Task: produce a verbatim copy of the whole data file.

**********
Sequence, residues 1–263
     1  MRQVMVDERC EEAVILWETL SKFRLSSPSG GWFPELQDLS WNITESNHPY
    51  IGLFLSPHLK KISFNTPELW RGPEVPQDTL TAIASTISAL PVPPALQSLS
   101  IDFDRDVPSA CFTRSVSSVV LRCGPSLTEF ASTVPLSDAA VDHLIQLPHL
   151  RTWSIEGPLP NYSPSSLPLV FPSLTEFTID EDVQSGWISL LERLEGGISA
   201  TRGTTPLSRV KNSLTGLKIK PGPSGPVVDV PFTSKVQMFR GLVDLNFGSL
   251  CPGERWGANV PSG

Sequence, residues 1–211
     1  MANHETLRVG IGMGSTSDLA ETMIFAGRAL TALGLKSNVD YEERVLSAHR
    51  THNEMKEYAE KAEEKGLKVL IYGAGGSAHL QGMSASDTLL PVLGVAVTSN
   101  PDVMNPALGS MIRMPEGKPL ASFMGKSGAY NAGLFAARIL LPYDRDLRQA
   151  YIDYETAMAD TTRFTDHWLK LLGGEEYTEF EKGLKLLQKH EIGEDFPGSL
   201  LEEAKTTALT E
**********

Sequence, residues 1–263
     1  MRQVMVDERC EEAVILWETL SKFRLSSPSG GWFPELQDLS WNITESNHPY
    51  IGLFLSPHLK KISFNTPELW RGPEVPQDTL TAIASTISAL PVPPALQSLS
   101  IDFDRDVPSA CFTRSVSSVV LRCGPSLTEF ASTVPLSDAA VDHLIQLPHL
   151  RTWSIEGPLP NYSPSSLPLV FPSLTEFTID EDVQSGWISL LERLEGGISA
   201  TRGTTPLSRV KNSLTGLKIK PGPSGPVVDV PFTSKVQMFR GLVDLNFGSL
   251  CPGERWGANV PSG

Sequence, residues 1–211
     1  MANHETLRVG IGMGSTSDLA ETMIFAGRAL TALGLKSNVD YEERVLSAHR
    51  THNEMKEYAE KAEEKGLKVL IYGAGGSAHL QGMSASDTLL PVLGVAVTSN
   101  PDVMNPALGS MIRMPEGKPL ASFMGKSGAY NAGLFAARIL LPYDRDLRQA
   151  YIDYETAMAD TTRFTDHWLK LLGGEEYTEF EKGLKLLQKH EIGEDFPGSL
   201  LEEAKTTALT E